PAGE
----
The State Worker

‘Tyrannical’ Cal Fire chief who ‘yelled for effect’ kept his post after critical investigation

Cal Fire released this photo of Division Chief John Paul Melendrez in 2012 when he was promoted to lead a camp in Inyo County that trains prison inmates for work fighting wildfires. In 2016, the department investigated complaints that he “verbally attacked” employees.
Cal Fire released this photo of Division Chief John Paul Melendrez in 2012 when he was promoted to lead a camp in Inyo County that trains prison inmates for work fighting wildfires. In 2016, the department investigated complaints that he “verbally attacked” employees. Cal Fire

A high-ranking Cal Fire chief whose subordinates called him “psychotic” and “tyrannical” in an investigation last year retained his position despite recommendations from firefighters that he be removed and the report’s conclusion that he was an “unprofessional” leader.

Division Chief John Paul Melendrez is still supervising firefighters at the Owens Valley Conservation Camp, a remote site in Inyo County that trains state prison inmates to fight wildfires. The investigative report commissioned by Cal Fire said it was unclear how often he went to work, and that he created a profanity-filled, “disruptive” environment for his employees.

“The environment is so bad at Owens Valley camp it is beginning to affect people physically,” wrote investigator Michael Davidson, a retired Cal Fire battalion chief.

Davidson in a report obtained by The Sacramento Bee then ticked off the names of three Owens Valley firefighters who told investigators they felt nauseous because of Melendrez’s outbursts.

Cal Fire ordered the investigation as the department lobbied Gov. Jerry Brown for funding to create a new professional standards office. It was under scrutiny for overlooking warning signs that preceded a battalion chief’s 2014 murder of his prostitute girlfriend and subsequent scandals that revealed misconduct at its academy in Ione.

Today that new standards office is open and developing programs to update personnel policies and train employees on appropriate conduct.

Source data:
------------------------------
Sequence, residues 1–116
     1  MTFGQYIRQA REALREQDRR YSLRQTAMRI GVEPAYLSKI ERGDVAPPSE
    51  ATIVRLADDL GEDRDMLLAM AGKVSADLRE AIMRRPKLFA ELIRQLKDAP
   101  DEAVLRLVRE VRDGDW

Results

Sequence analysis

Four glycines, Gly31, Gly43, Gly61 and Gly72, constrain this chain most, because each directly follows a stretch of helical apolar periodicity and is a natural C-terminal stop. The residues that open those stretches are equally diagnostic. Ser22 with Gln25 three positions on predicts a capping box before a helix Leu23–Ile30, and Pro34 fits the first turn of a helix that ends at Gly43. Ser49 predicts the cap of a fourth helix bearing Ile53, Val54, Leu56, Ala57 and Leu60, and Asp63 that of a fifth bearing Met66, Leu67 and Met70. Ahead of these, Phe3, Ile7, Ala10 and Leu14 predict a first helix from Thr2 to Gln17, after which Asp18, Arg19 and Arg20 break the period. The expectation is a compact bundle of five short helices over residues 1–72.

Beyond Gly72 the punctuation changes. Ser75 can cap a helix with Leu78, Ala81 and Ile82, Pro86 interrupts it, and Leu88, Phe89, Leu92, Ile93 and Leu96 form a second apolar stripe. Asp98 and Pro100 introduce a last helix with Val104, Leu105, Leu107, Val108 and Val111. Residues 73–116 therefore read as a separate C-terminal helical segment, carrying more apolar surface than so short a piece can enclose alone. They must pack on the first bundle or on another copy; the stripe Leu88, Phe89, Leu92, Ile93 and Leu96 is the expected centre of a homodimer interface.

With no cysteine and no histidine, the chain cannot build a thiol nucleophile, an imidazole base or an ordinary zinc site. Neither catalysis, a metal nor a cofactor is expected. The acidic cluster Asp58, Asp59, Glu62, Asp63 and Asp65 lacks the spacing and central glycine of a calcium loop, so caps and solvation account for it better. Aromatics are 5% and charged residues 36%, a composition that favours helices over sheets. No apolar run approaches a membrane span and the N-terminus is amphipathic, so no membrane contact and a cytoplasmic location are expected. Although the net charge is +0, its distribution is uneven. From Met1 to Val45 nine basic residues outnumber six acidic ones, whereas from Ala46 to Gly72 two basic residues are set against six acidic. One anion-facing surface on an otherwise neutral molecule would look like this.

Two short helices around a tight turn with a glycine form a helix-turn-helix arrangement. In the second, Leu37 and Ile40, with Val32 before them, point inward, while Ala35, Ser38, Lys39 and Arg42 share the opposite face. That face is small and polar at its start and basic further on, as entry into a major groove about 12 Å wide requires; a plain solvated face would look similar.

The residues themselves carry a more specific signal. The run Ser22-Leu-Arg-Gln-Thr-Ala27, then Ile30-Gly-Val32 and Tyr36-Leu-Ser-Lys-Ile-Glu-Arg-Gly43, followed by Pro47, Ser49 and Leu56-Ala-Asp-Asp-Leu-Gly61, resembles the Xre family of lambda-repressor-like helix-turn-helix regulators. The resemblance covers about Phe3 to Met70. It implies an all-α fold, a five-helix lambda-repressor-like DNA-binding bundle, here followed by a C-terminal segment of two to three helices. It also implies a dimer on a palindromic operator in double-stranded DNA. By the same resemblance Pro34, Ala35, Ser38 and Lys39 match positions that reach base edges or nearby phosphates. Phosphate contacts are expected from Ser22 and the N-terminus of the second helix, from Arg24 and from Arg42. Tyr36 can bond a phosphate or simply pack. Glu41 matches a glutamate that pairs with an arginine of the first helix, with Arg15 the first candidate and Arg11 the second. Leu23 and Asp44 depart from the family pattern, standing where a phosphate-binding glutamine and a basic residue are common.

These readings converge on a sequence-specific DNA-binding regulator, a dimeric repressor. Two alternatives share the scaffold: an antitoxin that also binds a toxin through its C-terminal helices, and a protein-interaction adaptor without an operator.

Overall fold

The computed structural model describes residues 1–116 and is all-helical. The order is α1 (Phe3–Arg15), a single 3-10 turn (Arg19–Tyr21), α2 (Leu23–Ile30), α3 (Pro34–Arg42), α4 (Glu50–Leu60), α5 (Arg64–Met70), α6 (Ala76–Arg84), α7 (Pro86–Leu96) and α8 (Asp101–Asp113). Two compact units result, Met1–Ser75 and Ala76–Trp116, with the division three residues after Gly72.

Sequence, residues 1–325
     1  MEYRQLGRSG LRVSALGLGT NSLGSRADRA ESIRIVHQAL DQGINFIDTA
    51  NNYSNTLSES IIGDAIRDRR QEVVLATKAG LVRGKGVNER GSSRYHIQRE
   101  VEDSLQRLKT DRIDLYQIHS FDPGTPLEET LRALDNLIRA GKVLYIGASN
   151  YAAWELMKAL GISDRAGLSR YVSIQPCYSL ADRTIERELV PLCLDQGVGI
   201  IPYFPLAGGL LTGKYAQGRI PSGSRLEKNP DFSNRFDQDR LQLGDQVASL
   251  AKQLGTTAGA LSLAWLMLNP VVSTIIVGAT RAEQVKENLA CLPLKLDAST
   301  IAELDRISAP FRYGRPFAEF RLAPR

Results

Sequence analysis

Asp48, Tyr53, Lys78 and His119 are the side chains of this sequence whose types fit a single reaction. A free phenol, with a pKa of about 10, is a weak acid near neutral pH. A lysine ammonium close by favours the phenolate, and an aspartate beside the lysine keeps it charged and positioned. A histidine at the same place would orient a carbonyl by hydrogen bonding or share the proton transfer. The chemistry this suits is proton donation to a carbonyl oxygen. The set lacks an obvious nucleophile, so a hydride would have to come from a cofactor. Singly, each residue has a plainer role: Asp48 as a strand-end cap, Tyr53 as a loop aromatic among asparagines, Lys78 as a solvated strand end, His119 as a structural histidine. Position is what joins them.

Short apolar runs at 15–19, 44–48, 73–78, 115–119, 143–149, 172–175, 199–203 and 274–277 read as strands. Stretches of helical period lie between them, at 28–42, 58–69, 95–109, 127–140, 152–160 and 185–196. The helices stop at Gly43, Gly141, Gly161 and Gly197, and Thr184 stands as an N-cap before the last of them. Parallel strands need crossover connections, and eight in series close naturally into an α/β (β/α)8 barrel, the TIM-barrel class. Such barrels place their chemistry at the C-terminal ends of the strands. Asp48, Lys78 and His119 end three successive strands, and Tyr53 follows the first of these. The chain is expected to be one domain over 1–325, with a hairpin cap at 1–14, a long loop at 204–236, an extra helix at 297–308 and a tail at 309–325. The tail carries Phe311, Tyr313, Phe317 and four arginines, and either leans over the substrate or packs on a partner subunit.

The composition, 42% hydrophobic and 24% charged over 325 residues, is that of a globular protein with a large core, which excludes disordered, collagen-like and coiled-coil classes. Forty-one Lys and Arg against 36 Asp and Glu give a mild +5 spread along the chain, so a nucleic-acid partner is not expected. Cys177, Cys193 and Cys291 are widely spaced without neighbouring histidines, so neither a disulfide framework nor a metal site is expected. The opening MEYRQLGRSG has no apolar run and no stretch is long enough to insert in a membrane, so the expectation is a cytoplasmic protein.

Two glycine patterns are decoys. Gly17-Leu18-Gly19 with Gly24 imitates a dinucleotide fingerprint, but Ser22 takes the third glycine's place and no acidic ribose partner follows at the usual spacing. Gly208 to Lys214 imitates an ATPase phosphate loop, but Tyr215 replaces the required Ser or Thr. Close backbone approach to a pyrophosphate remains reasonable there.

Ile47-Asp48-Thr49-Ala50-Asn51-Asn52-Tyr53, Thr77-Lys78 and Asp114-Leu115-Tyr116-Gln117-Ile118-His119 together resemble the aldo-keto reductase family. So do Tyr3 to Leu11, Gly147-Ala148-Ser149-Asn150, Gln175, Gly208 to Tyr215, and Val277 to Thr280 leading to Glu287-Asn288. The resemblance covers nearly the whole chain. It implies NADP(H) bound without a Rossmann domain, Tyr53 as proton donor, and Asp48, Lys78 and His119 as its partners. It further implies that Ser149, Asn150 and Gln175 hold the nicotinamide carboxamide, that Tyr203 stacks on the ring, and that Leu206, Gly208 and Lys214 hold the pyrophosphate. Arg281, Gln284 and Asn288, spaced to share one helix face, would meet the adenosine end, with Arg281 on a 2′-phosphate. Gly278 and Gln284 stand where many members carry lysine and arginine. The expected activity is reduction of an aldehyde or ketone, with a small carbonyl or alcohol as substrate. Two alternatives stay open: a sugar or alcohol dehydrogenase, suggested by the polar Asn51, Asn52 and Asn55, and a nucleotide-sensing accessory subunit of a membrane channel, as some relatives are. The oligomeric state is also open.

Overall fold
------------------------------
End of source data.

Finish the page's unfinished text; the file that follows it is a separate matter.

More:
Cal Fire spokeswoman Janet Upton said “appropriate action was taken 10 months ago,” after the department reviewed its report on Melendrez. She did not specify what actions the department took to address the report, but she said employees at the camp have not reported similar issues since then.

Melendrez did not return calls for comment and, through an assistant, referred questions to the department public information office.

His leadership at the camp he has managed since 2012 could lead to legal action against the department.

Dru Snider, a former captain at the camp who left his assignment because of the harassment he felt and lost his position when he did not return to work, is preparing to sue the department. His lawyer, Bryon Josselyn, filed a claim with the state Department Fair Employment and Housing last month declaring Snider’s intent to sue.

“I want these managers to be held accountable for what they do to their employees,” Snider said.

‘Like a grenade was thrown in the room’

Melendrez, who moved up the ranks at Cal Fire’s Owens Valley Conservation Camp before his promotion to division chief, was the subject of an investigation in early 2016 that looked into complaints that he “verbally attacked” employees and created “an unprofessional work environment.”

Supervisors of his rank are expected to handle a wide range of responsibilities, from emergency management to hiring, budgeting and discipline. They’re also required to ensure that their employees are not subjected to demeaning or discriminatory behavior, according to the Cal Fire investigation.

Firefighters told the investigator that Melendrez:

▪  Greeted new fire captains assigned to his camp by asking them why they were rejected by other units. They interpreted the questioning as Melendrez venting that he received “the bottom of the barrel” among new captains.

▪  Made abrupt changes to vacation policies that confused his employees. The changes were rolled back after union intervention. He also reportedly issued sudden directives that seemed to micromanage employees, such as barring an office worker from sitting in recliners on breaks.

▪  Used profanity when talking with subordinates in a manner that they viewed as hostile. “(Expletive) behavior! (Expletive) unacceptable!” he yelled at one captain. “The profanity could be heard throughout the entire building,” the report says.

▪  Mocked Snider by calling his injured arm a “chicken wing.”

▪  Intimidated his employees to such an extent that they told the investigator they feared retaliation from him.

▪  Made a female captain feel “uncomfortable” when asking her about her relationship. The female captain later reported that she “feared for her job.”